• If you do get the job, make a transition plan that involves all parties. Transitions can be one of the reasons not to take an internal position. You may find that your current boss wants more time from you, your new boss wants you immediately and the two could inevitably end up fighting over being part time in one location and part time in another. Make this concern transparent from the beginning. Work with both departments and leadership teams to map out a process that has a clean break from one department and a clear start in the new one.
  • Stay out of old business. Especially if you’re in a small company, it may be difficult to stay out of the business of your old department when you move. You’ll hear about who’s being hired for your position, problems with the transition, etc. Do your absolute best to STAY OUT OF IT! Part of making the transition is truly moving on to the new job as if it were outside the company.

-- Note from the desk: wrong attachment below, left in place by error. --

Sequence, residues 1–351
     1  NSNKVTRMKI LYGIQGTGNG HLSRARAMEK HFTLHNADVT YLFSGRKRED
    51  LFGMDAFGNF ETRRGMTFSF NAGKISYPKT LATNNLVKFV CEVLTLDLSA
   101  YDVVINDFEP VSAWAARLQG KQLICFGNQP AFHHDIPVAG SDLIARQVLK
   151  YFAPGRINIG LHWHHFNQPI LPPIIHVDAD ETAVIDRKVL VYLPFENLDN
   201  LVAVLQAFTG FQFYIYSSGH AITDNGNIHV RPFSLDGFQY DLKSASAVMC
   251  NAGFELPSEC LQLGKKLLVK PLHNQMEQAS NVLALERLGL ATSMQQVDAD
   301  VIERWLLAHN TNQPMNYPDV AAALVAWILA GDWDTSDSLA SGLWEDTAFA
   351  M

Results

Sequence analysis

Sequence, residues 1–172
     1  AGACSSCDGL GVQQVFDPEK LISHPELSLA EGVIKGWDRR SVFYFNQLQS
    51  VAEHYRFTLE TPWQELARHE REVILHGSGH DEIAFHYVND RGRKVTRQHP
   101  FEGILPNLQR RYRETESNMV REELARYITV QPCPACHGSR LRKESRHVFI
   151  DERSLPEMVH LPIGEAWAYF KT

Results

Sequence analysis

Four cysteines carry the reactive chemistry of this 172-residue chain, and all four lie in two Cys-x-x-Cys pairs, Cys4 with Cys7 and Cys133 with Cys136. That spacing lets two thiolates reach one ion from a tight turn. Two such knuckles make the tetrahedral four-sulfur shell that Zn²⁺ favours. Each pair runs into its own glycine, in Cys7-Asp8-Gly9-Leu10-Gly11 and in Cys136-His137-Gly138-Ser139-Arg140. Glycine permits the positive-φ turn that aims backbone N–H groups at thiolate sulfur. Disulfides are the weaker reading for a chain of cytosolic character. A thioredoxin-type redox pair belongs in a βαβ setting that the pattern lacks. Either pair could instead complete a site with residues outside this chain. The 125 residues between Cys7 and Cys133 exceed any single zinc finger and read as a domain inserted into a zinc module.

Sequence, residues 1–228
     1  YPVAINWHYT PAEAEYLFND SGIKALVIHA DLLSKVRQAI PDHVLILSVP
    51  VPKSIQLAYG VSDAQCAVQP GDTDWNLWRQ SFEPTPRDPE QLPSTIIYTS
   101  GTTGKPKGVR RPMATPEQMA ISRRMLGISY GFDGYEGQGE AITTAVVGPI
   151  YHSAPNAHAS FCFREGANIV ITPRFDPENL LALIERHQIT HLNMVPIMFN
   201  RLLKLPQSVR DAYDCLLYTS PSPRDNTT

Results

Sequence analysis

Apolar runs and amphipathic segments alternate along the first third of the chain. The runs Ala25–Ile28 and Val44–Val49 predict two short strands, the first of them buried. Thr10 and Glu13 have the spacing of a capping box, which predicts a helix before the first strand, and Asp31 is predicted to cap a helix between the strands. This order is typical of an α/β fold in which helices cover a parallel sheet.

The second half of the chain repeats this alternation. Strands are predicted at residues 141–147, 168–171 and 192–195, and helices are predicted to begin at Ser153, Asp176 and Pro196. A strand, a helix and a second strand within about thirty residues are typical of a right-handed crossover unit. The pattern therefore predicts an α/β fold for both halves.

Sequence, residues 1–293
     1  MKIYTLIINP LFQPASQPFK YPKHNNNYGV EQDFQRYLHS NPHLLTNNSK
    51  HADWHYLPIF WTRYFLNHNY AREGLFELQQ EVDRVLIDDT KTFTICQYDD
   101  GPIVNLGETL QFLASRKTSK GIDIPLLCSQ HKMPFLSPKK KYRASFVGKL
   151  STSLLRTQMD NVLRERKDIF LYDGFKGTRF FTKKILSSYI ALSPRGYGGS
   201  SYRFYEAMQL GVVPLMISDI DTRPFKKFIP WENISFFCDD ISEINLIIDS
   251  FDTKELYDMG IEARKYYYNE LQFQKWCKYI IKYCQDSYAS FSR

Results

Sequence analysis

Making an internal move can be a powerful step in your career. It shows the company you’re a committed employee and it can position you for fast growth within the company. Go for it!


About the Author

Marcy Twete

Marcy Twete is the author of "You Know Everybody! A Career Girl’s Guide to Building a Network That Works" and a career expert who believes in order to be empowered in your career, you must be surrounded with resources and a network that both supports and challenges you. Marcy began her own networking journey as a professional fundraiser in the nonprofit industry, honed those skills as a fundraising consultant, and in 2012 networked her way to nearly 1 million readers as the CEO of the professional development website Career Girl Network.